>>> type(torch.add(SubTensor2([0]), SubTensor([1]))).__name__
>>> type(torch.add(SubTensor2([0]), torch.Tensor([1]))).__name__
>>> torch.add(SubTensor([0]), OtherSubTensor([1]))
Traceback (most recent call last):
  File "<stdin>", line 1, in <module>
TypeError: no implementation found for 'torch.add' on types that implement __torch_function__: [SubTensor, OtherSubTensor]

If one wishes to have a global override for all tensor methods, one can use __torch_function__. Here is an example that logs all function/method calls:

class LoggingTensor(torch.Tensor):
    def __torch_function__(cls, func, types, args=(), kwargs=None):"func: {func.__name__}, args: {args!r}, kwargs: {kwargs!r}")
        if kwargs is None:
            kwargs = {}
        return super().__torch_function__(func, types, args, kwargs)

However, if one instead wishes to override a method on the Tensor subclass, there one can do so either by directly overriding the method (by defining it for a subclass), or by using __torch_function__ and matching with func.

One should be careful within __torch_function__ for subclasses to always call super().__torch_function__(func, ...) instead of func directly, as was the case before version 1.7.0. Failing to do this may cause func to recurse back into __torch_function__ and therefore cause infinite recursion.

Extending torch with a Tensor wrapper type

Another useful case is a type that wraps a Tensor, either as an attribute or via subclassing. Below we implement a special case of this sort of type, a MetadataTensor that attaches a dictionary of metadata to a Tensor that is propagated through torch operations. Since this is a generic sort of wrapping for the full torch API, we do not need to individually implement each override so we can make the __torch_function__ implementation more permissive about what operations are allowed:

class MetadataTensor(object):
    def __init__(self, data, metadata=None, **kwargs):
        self._t = torch.as_tensor(data, **kwargs)
        self._metadata = metadata

    def __repr__(self):
        return "Metadata:\n{}\n\ndata:\n{}".format(self._metadata, self._t)

    def __torch_function__(self, func, types, args=(), kwargs=None):
        if kwargs is None:
            kwargs = {}
        args = [a._t if hasattr(a, '_t') else a for a in args]
        ret = func(*args, **kwargs)
        return MetadataTensor(ret, metadata=self._metadata)

This simple implementation won’t necessarily work with every function in the torch API but it is good enough to capture most common operations:

>>> metadata = {'owner': 'Ministry of Silly Walks'}
>>> m = MetadataTensor([[1, 2], [3, 4]], metadata=metadata)
>>> t = torch.tensor([[1, 2], [1, 2]]])
>>> torch.add(t, m)
{'owner': 'Ministry of Silly Walks'}

tensor([[2, 4],
        [4, 6]])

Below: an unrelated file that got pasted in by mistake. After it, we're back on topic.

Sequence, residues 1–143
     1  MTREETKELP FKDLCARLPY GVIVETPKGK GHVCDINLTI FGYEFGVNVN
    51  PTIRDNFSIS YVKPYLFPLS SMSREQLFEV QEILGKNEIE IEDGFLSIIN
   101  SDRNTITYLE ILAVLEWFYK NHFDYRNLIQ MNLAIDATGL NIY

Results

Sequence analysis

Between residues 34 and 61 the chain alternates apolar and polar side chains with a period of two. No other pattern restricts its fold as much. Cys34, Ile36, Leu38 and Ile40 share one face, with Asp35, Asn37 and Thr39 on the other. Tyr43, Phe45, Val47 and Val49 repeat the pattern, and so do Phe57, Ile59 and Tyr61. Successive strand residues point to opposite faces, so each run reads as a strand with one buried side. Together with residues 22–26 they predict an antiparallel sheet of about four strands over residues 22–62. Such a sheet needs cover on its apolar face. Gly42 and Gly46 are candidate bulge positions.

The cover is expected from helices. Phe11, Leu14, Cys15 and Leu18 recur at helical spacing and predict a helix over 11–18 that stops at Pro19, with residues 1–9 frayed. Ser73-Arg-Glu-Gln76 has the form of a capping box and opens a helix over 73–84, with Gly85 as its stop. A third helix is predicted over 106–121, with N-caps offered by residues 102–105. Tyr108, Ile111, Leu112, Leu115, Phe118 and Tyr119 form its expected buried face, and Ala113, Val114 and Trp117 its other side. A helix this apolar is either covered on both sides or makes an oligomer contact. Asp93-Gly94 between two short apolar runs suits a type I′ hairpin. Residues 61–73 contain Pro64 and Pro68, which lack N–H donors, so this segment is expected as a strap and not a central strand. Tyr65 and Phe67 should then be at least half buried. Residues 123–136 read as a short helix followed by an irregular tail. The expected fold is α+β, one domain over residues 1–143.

>>> torch.mul(t, m)
{'owner': 'Ministry of Silly Walks'}

tensor([[1, 4],
        [3, 8]])

Operations on multiple types that define __torch_function__

It is possible to use the torch API with multiple distinct types that each have a __torch_function__ implementation, but special care must be taken. In such a case the rules are:

  • The dispatch operation gathers all distinct implementations of __torch_function__ for each operand and calls them in order: subclasses before superclasses, and otherwise left to right in the operator expression.

  • If any value other than NotImplemented is returned, that value is returned as the result. Implementations can register that they do not implement an operation by returning NotImplemented.

  • If all of the __torch_function__ implementations return NotImplemented, PyTorch raises a TypeError.

Testing Coverage of Overrides for the PyTorch API

One troublesome aspect of implementing __torch_function__ is that if some operations do and others do not have overrides, users will at best see an inconsistent experience, or at worst will see errors raised at runtime when they use a function that does not have an override. To ease this process, PyTorch provides a developer-facing API for ensuring full support for __torch_function__ overrides. This API is private and may be subject to changes without warning in the future.

First, to get a listing of all overridable functions, use torch._overrides.get_overridable_functions. This returns a dictionary whose keys are namespaces in the PyTorch Python API and whose values are a list of functions in that namespace that can be overriden. For example, let’s print the names of the first 5 functions in torch.nn.functional that can be overriden:

>>> from torch._overrides import get_overridable_functions
>>> func_dict = get_overridable_functions()
>>> nn_funcs = func_dict[torch.nn.functional]
>>> print([f.__name__ for f in nn_funcs[:5])
['adaptive_avg_pool1d', 'adaptive_avg_pool2d', 'adaptive_avg_pool3d',
 'adaptive_max_pool1d', 'adaptive_max_pool1d_with_indices']

This listing of functions makes it possible to iterate over all overridable functions, however in practice this is not enough to write tests for all of these functions without laboriously and manually copying the signature of each function for each test. To ease this process, the torch._overrides.get_testing_overrides function returns a dictionary mapping overridable functions in the PyTorch API to dummy lambda functions that have the same signature as the original function but unconditionally return -1. These functions are most useful to use with inspect to analyze the function signature of the original PyTorch function:

>>> import inspect
>>> from torch._overrides import get_testing_overrides
>>> override_dict = get_testing_overrides()
>>> dummy_add = override_dict[torch.add]
>>> inspect.signature(dummy_add)
<Signature (input, other, out=None)>

Finally, torch._overrides.get_ignored_functions returns a tuple of functions that explicitly cannot be overrided by __torch_function__. This list can be useful to confirm that a function that isn’t present in the dictionary returned by get_overridable_functions cannot be overriden.

Writing custom C++ extensions

See this PyTorch tutorial for a detailed explanation and examples.

Documentations are available at torch.utils.cpp_extension.

Writing custom C extensions

Example available at this GitHub repository.